SCM Tools: This is the Disruption Delivered at D3
SCM D3 Supply Chain Summit Delivery Data Disruption and More
This year’s D3 Retail Supply Chain Summit took place recently. Supply chain executives of major and fast-growing retailers came together. They discussed the most crucial SCM challenges and opportunities affecting the industry today. This included both brick-and-mortar stores with online entities and e-commerce companies.
We met with hundreds of supply chain professionals. We did this during the course of the conference. The discussions always seemed to focus (in one way or another) on these three themes:
As the demand for home delivery grows, retailers are learning that finding a reliable and cost-effective delivery partner is critical. They would need this to build and maintain their reputations in the marketplace.
Lifecycle Data Visibility
Gathering, analyzing and having the ability to act on data throughout the entire purchasing lifecycle to manage and meet consumer expectations continues to be a challenge.
Retailers now realize that artificial intelligence is no longer a pipe dream. Instead, it is a way to position a legitimate technology that will disrupt how they do business. Retailers’ next step is learning how to harness AI further. In particular, to create the most impact for their customers and operations.
Along those lines, I kicked off this year’s event with a keynote. It was on how retailers can simplify their business with applied intelligence. You can view the full keynote presentation here.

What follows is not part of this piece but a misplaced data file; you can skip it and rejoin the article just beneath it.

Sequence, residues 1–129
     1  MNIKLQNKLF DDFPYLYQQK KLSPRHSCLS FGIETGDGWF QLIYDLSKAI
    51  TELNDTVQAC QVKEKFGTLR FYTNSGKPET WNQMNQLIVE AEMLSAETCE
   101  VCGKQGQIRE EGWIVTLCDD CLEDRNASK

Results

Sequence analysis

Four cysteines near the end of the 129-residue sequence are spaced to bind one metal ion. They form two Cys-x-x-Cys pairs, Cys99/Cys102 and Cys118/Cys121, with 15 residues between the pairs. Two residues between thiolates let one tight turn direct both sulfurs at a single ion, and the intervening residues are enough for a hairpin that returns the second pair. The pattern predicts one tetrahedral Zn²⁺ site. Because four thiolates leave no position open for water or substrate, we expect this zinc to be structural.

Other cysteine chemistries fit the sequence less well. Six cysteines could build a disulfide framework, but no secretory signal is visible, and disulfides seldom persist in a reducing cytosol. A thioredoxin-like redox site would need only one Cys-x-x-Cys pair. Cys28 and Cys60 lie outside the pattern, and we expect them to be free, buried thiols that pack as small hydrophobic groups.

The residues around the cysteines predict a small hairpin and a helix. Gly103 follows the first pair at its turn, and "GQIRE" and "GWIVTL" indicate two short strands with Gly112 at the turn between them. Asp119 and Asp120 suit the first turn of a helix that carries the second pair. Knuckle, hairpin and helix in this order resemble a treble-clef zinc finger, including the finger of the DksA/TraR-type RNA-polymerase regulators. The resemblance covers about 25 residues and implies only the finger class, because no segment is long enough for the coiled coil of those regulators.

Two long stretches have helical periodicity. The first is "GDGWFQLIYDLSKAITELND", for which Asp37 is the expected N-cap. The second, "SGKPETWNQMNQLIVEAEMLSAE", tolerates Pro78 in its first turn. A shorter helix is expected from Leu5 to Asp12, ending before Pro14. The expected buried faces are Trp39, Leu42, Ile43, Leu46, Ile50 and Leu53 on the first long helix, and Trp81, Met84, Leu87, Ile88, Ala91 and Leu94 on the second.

Of course, there were also many other retail industry concerns. These concerns made their way into the daily conversations. We had them with retail supply chain leaders from across the country.
Key Themes from Discussions
Driving costs of the supply chain also challenge many businesses. Many e-tailers and e-commerce departments at traditional retailers struggle in an on-demand world. They are trying to improve cost-effective methods to offer home delivery service. This is also for purchases that don’t qualify as small packages. Retailers can actually use “home delivery as a service” to drive costs out of their supply chains. They can do this with the right technology and resources. Here’s an example. Retailers have staff and associates working in their in-store environments. They could shift in and become part of the home-delivery solution. This is possible when armed with the right intelligence.
Businesses have the challenge of growing their business. Retailers should also contemplate a few things to grow their business. Number one is the continued expansion of the online marketplace. Retailers are making more products available on demand to all their consumers. They are doing this while marrying that with the “home delivery as a service” concept. Many also decide to take this approach. They can drive costs out of their shipping and logistics networks. This happens when they offer direct delivery to the home. This will enable their e-commerce business to expand fast.
SCM for Same-Day and In-Store Pickups
There are retailers that make same-day pickup or in-store pickups. These are available for consumers with online orders. In this case, they can incorporate a layer of artificial intelligence. It can factor in products that the online consumer abandoned in their shopping carts. Here’s an example. When that consumer picks up his or her order at the store, the AI empowers the customer service associate. This is through data accessed on a hand-held mobile device. It can showcase and re-recommend items. In particular, the ones that the consumer abandoned in the purchasing process. It’s a great upsell opportunity that will help retailers expand their business.
I had the opportunity to discuss these issues. Also, I tackled more technical questions in an onsite interview. I conducted it with EFT Supply Chain and Logistics Business Intelligence. They were the host of the summit.